If you’re hoping to buy a house, it’s worth getting a mortgage agreement in principle. It gives you a good idea of how much you can afford to buy a house.
Some estate agents won't even let you view a house unless you show them a mortgage in principle.
What is a mortgage in principle?
A mortgage in principle (MIP) tells you how much you can potentially afford to borrow to buy a property. It's also sometimes known as an ‘agreement in principle’ (AIP), or a ‘decision in principle’ (DIP).
As the name suggests, it’s ‘in principle’, meaning that the offer the lender makes you isn't final. Once you’ve made an offer on a house and it's been accepted, you still need to apply for a mortgage.
How do I get a mortgage in principle?
You can get a mortgage in principle from a broker, bank, or lender.
To get a mortgage in principle, the details you'll need to provide are:
- Your name
- Date of birth
- Details of at least 3 months of income and any bonuses
- Your outgoings
- Any debt from credit cards, finances or loans
- Address history from the past 3 years
The lender will base the figure you can borrow by looking at this information and considering your credit history.
We've partnered with Mojo Mortgages, an online broker, who can get a mortgage in principle sorted for you.
Get more information about mortgages
When should I get a mortgage in principle?
You should get your mortgage in principle before you start looking for a house.
Getting a mortgage in principle should take anywhere from less than an hour to a few days, at most.
By having an idea of what you can borrow, you know what property value to aim for when beginning your search.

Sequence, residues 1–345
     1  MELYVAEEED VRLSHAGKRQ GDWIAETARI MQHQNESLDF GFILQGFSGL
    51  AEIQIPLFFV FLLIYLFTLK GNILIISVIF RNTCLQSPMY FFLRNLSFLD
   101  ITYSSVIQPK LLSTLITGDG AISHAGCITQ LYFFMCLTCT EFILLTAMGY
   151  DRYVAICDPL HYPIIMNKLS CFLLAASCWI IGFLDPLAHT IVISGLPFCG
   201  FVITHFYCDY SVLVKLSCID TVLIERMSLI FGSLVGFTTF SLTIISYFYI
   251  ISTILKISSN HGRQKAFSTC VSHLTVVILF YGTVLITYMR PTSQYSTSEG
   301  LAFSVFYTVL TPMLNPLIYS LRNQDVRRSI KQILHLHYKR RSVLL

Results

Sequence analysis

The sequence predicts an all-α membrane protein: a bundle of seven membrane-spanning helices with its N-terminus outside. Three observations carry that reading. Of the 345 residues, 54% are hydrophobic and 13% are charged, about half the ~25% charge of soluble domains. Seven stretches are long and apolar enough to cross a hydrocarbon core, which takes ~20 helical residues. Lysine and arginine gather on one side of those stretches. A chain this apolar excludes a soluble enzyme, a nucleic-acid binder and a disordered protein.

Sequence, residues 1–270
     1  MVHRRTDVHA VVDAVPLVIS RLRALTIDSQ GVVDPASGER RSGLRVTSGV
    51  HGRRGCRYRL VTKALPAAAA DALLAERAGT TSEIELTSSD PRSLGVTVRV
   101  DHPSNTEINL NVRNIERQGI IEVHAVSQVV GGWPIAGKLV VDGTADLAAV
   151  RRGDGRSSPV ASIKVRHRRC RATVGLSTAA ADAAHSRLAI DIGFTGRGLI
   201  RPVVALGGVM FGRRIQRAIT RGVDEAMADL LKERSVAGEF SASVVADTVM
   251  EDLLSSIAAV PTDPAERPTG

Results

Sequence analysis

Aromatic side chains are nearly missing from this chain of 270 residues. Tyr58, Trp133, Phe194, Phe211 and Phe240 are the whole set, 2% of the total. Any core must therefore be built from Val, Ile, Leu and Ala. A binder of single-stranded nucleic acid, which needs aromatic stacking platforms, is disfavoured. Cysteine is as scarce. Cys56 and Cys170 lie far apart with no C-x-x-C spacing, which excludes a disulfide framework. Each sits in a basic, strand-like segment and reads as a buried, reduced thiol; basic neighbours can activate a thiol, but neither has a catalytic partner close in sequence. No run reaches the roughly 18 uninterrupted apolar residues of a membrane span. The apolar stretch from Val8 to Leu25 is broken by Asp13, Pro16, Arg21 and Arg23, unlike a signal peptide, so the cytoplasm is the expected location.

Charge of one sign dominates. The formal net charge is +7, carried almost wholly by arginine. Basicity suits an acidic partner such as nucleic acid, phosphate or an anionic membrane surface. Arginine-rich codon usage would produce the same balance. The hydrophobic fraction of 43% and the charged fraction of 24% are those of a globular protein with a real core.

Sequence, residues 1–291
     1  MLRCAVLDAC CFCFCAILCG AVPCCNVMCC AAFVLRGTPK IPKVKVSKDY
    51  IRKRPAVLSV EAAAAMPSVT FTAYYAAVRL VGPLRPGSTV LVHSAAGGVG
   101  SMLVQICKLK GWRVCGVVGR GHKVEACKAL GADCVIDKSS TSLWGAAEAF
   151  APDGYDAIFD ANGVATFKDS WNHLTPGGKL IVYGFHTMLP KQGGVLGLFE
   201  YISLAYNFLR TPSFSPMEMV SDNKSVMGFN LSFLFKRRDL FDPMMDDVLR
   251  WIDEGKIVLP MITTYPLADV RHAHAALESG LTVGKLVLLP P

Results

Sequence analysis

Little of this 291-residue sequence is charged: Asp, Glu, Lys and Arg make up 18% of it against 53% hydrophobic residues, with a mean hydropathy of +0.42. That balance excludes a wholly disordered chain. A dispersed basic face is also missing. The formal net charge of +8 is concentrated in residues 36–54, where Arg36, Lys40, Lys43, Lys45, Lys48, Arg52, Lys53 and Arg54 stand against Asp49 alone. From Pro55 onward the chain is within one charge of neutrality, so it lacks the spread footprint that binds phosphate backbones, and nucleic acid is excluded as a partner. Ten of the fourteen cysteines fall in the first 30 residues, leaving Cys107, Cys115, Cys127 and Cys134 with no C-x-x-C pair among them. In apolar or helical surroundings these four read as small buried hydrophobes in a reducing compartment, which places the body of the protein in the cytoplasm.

How long does a mortgage in principle last?
It depends on the lender, but a mortgage in principle typically lasts for up to 90 days.
If house hunting takes longer than expected and your MIP has expired, you just need to reapply.
How guaranteed is a mortgage in principle?
It's important to note that a mortgage in principle isn’t a final mortgage offer. You could be turned down at the time of application if you don’t meet your lender’s borrowing criteria.
A change in your personal circumstances may affect the lender's decision, such as:
- You no longer have a steady income
- You've made too many credit applications
- You've regularly missed your bill payments
- You've recently spent large amounts on money on items you can't afford
- You're unable to prove some of the claims you've made, such as length of self-employement acocunts
Can I get a mortgage in principle if I have a bad credit history?
You should still be able to get a mortgage agreement in principle if your credit history isn’t great. Although, your credit history might impact the amount you can borrow and the rate of interest you pay.
This is because the lender is likely to see you as a riskier borrower, so you could be borrowing less with a higher interest rate. This should be reflected in the mortgage agreement in principle.
Depending on the lender and the level of bad credit you have, a lender may decide not to lend to you if:
- You’ve been bankrupt in the last 6 years
- You’ve had a court judgement for a debt you haven’t repaid for 6 years
- You’ve had a home repossessed in the last 6 years
- You’ve been refused a mortgage in the last 6 years.
Some lenders also look at your unemployment history too.
If you think you may have trouble applying, our bad credit mortgages page might be able to help.